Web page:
Canel: If you go back to the initial question about who is responsible for security, it’s actually everyone across the supply chain. So yes, the service provider has a responsibility. But it’s also the device manufacturer, the various technology suppliers, and the people in charge of the manufacturing systems. Sometimes we forget, as we develop solutions, to make them easy to integrate. We forget basic principles of good design through layers. We forget the concept of peer reviews and try to find niches. In the case of security, it’s very important to have system architectures and system business models that people can rely upon. And technology companies have to promote good practices, including ecosystems that make it easy for device manufacturers to pull things together. You can’t expect a device manufacturer to understand the millions of lines of code that go with their product when they are finished integrating everything together. It’s not possible. All the parties in that supply chain have a responsibility downward in the supply chain and upward in the value chain.

Holmberg: Sooner or later we will be forced to certify technologies and products if they are connected to the Internet.

SE: So where is the motivation in the value chain?

Povey: That’s a big problem. How do you incentivize people for security? When the device is already out in the market, the attitude is, ‘Who cares?’ You’re not going to change that. But what you can do is focus on the part of security that people in the value chain care about. From an OEM perspective, we found out they care about IP theft, people overproducing, gray market trading and cloning. So while people in the supply chain may not have skin in the game once the device is out there, if they’re putting security in for their own selfish needs, then that can be leveraged. You have to align business needs. People will always do the minimum for the best reward. But you have to identify which bits of security they care about. The top concern for people is privacy. You may not care about the European Union regulations on security, but if you’re an OEM and you’ve spent millions of dollars developing IP, you don’t want that being sold illicitly.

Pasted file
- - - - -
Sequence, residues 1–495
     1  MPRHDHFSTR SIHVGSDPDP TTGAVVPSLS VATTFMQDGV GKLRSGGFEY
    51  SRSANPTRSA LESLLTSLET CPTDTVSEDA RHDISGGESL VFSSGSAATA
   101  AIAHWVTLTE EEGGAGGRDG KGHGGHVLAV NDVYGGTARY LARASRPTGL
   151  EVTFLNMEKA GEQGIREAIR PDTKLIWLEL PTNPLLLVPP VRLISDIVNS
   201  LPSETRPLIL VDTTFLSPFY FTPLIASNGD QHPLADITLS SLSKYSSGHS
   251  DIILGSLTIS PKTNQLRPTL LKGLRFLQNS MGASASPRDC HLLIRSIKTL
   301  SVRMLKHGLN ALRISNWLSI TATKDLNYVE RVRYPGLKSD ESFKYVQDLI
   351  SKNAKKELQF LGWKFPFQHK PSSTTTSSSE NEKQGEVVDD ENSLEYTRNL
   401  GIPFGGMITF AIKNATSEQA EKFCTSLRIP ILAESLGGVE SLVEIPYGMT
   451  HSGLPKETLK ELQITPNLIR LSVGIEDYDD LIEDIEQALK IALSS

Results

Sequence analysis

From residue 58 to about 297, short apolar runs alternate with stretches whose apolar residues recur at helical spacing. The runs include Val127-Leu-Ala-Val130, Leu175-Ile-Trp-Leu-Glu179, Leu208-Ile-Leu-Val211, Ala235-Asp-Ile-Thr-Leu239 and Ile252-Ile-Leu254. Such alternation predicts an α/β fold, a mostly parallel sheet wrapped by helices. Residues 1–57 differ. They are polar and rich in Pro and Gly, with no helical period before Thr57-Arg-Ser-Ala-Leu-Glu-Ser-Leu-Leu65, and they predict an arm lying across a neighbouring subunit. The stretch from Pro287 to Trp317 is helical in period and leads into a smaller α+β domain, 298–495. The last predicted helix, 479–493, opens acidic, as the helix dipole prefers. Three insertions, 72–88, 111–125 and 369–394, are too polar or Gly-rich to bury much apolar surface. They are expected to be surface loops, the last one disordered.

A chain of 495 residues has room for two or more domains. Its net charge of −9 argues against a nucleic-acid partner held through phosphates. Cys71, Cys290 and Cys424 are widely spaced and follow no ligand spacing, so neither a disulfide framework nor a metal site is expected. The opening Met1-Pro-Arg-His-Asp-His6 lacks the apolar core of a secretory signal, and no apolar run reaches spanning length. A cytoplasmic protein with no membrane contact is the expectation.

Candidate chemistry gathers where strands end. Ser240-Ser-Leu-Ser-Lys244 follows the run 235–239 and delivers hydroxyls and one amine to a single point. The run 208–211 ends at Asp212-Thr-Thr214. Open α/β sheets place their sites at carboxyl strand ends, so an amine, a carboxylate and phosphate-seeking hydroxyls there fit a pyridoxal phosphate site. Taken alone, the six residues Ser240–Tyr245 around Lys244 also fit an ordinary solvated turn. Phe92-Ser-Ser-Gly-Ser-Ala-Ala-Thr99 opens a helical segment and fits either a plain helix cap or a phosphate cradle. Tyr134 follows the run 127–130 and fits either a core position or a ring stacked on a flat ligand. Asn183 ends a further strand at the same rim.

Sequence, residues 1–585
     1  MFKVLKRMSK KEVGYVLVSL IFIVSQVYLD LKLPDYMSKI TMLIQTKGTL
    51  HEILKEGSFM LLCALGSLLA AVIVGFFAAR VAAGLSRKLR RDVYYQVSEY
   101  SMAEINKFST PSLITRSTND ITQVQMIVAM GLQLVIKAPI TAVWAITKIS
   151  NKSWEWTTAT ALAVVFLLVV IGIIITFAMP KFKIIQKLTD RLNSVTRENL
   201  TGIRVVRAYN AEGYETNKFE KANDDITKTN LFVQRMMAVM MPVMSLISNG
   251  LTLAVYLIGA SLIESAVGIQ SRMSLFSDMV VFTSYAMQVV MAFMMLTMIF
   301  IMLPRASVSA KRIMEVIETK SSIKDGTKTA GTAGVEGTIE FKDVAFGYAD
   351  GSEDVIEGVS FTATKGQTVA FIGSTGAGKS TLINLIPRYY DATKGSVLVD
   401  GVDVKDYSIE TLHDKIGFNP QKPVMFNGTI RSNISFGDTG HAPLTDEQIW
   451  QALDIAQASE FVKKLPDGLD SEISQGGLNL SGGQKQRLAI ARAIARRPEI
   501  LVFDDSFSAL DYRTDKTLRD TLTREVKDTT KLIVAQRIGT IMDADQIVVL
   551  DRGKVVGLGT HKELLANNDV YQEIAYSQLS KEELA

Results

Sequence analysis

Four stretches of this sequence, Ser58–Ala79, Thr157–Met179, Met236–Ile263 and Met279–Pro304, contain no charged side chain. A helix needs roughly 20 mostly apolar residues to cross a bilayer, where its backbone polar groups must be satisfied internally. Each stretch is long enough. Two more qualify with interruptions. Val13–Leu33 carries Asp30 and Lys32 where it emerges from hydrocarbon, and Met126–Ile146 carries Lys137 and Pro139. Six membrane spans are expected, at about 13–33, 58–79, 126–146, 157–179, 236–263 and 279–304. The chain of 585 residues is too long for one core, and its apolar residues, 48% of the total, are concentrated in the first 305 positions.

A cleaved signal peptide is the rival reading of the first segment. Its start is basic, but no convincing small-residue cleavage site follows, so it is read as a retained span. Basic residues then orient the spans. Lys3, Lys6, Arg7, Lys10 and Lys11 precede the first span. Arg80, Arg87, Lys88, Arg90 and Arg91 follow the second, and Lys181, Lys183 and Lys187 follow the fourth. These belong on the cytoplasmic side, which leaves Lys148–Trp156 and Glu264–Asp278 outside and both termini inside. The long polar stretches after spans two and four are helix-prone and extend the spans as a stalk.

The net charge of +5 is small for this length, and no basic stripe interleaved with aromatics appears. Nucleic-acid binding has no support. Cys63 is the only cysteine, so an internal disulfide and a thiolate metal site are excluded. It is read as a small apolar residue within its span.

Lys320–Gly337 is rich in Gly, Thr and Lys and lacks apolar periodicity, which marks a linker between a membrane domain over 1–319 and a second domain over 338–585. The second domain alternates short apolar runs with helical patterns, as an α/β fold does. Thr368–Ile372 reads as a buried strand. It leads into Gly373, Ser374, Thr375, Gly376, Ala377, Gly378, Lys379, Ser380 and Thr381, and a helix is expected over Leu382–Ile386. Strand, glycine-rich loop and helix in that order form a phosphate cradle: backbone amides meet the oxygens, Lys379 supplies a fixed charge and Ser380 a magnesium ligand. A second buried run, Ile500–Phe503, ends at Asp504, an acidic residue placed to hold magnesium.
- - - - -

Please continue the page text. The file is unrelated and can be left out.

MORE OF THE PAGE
Hayton: A lot of these devices are running open-source software. But this kind of behavior isn’t new. If you go back to the 1800s, there was food being sold with sweepings from shop floors. We had children’s toys with sharp parts inside. The government reacted by putting standards in place. That’s probably going to happen here, as well. But it’s going to take a lot of time. It’s hard to figure out there’s a bad SSL stack in something.

Schaeffer: The big question is to what extent insurance companies will drive this forward because of product liability.

Canel: We’re going to see things move at different speeds, depending upon the markets. So you’re going to see it in automotive, for example, faster than in consumer electronics.